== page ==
Houghton Mifflin Harcourt, $28, 400 pp.
James Carroll is nothing if not ambitious as a writer, and in Practicing Catholic he has given us at least three books for the price of one. That is an attractive offer during a miserable recession. But it is not the bargain it seems.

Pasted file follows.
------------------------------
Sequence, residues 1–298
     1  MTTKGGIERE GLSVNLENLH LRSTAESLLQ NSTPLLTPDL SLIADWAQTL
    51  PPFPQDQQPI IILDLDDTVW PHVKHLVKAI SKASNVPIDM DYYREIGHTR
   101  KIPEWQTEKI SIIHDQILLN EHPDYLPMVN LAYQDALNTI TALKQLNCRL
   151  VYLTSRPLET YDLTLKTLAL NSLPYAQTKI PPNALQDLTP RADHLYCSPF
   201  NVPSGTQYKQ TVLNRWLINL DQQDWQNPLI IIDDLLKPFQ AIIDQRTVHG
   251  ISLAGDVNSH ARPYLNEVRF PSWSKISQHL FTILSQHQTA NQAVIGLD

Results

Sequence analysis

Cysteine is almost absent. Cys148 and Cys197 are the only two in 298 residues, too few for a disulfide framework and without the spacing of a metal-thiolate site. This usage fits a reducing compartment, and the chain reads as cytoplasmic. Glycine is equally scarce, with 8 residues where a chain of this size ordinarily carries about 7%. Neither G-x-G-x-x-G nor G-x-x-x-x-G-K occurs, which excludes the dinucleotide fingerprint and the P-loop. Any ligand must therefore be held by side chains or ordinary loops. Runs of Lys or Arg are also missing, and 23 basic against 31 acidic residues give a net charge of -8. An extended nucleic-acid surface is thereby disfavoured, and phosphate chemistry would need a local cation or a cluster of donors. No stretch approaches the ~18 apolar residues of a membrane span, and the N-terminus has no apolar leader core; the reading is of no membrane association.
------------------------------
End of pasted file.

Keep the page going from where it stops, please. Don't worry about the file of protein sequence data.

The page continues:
If the three books in question were available separately, one of them would definitely be worth the effort. A good part of Practicing Catholic is a memoir of Carroll’s own Irish-Catholic upbringing, his formation and five years as a Paulist priest starting in the late 1960s, and the aftermath of his decision to leave the priesthood in 1974. Carroll has written about his life in the Vietnam era before (in the National Book Award-winning An American Requiem), and he has great material to work with. A seminarian in the immediate wake of Vatican II, a peace activist, and a campus minister involved in war resistance, Carroll experienced the turmoil in the church and in the country from the front row. These remain his formative years, and even his passionate, over-the-top pages about reading Allen Ginsberg’s “Howl” are a reminder of the liberating, highly emotional excitement that still shapes Carroll’s identity and expectations.